The library scanned my card and handed it back to me. “You can’t check things out,” she said.

“What do you mean?” I asked, puzzled and annoyed.

“You’re not in the system.”

What followed was several rounds of back-and-forth between me, holding my library card and nearly twenty years of memories, and the librarian telling me to my face that I had never been there. But what about the children’s story hours that I’d attended, I wanted to say. But what about the garden out in that patio dedicated to my high school best friend’s dead mother, the ceremony for which I’d attended just last year, I wanted to scream.

Instead, I just left the books and CDs sitting on the counter, went out to my car, and broke down in tears.

I had never been there. That was the kicker. At no point did the librarian say that my card was expired or that my address was ineligible. Her words were that I had never been there.

The emotional impact was doubtlessly compounded by the point in my life when it was hitting. Just out of school and in near-disablingly poor health and without a firm idea of where my future was heading, I was feeling the uncertainty of modern American adulthood. If there were to be any sign that childhood was over, having someone tell me that it had literally never existed was rather the hammer to the head.

And so maybe it’s fitting that I claimed this library card on my Arrival Day. A day of being here.

And to everyone else out there: you, too, have been here. You, too, are here, whether “here” is Point A or Point B or Point M or halfway between Point Q and Point K. We’re all still in transit, each one of us. And yet, we’ve also all still arrived… to somewhere.

Let’s just be good to our fellow travelers and respect the journeys.

And we need a little snappy happy ever after

Heading north on an Amtrak on Christmas day and watching the wintery Hudson River, dark water contrasting with the bright snow-covered land, John Denver’s Rocky Mountain Christmas was the perfect soundtrack. There is, granted, a root of personal preference to this judgment, as I generally consider John Denver to be not necessarily perfect but, at the very least, reliably excellent. But I maintain that while the mountains in the background were no craggy-topped Rockies, what they lacked in grandeur, they retained in solemn immovability and their invitation to disappear, and the soundtrack felt fitting.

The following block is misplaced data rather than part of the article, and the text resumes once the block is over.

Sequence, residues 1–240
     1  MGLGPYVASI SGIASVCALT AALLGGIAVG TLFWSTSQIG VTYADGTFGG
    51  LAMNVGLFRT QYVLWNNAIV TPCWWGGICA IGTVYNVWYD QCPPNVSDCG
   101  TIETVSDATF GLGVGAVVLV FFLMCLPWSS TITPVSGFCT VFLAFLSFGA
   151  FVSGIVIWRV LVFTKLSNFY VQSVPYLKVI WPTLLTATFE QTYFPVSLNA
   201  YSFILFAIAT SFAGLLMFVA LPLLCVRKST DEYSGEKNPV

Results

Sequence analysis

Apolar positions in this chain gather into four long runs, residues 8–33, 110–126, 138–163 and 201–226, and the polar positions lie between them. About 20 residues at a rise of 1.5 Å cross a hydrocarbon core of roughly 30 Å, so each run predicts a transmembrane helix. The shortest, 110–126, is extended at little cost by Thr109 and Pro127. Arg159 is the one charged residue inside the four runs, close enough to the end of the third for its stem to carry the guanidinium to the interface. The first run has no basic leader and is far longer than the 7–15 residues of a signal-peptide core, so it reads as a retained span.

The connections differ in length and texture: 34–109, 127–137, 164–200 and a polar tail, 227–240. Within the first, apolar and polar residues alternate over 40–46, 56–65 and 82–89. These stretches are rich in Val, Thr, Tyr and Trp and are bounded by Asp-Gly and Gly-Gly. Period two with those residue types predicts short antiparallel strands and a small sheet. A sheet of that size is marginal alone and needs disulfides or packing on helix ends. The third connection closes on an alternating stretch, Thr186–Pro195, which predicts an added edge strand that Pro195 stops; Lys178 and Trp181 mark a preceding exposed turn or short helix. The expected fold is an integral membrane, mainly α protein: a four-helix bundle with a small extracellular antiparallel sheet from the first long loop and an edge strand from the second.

It wasn’t disappearing that I had in mind, however, unlike the tempting fantasies that whisper in my ear when I sit behind the wheel of a car. Sitting on that train, I switched to my shuffled holiday playlist when the album finished and gave myself a surprise when Dar Williams’ upbeat “Christians and the Pagans” brought tears to my eyes with the words “Amber’s uncle saw how Amber looked like Tim and like her father. / He thought about his brother, how they hadn’t spoken in a year, / He thought he’d call him up and say, ‘It’s Christmas, and your daughter’s here.'”

2017 was quite a year. As life on a national level continued to unravel, my affairs on a personal and professional level, conversely, came together in astounding ways. Not magnificent ways – didn’t save any lives, still not rich and famous – but in ways that still astounded me by how much the odds seemed to be tilted in my favor. Even the parts of it that were frightening or saddening still had an almost storied quality to them, not because the events themselves were so amazing but because it’s just difficult to believe that such things would really happen to little ol’ me.

That seems like a funny thing to experience, given that I’ve never been a person with any sort of self-esteem deficit. But just because I think that I’m charming and witty and, not least of all, irresistibly attractive doesn’t mean that I’d ever pictured the hot piece that is me dancing in an East Village Bar at one in the morning with an avant-garde director whom I’d read about in my college textbooks or hanging with my cool friends in a downtown music studio as we jammed out for hours (fun fact about playing keys versus playing piano: you generally only need one hand for the former, which leaves your other hand free to hold a drink) or nearly getting into a barfight with a room full of white supremacists or taking a selfie with the director of the world premiere of the Thai film that I had just seen at the Busan International Film Festival near the end of my solo trip to South Korea.

I haven’t written any of the books that would contain those stories yet, but I’ve been living a lot of the things that I’d thought I’d write about.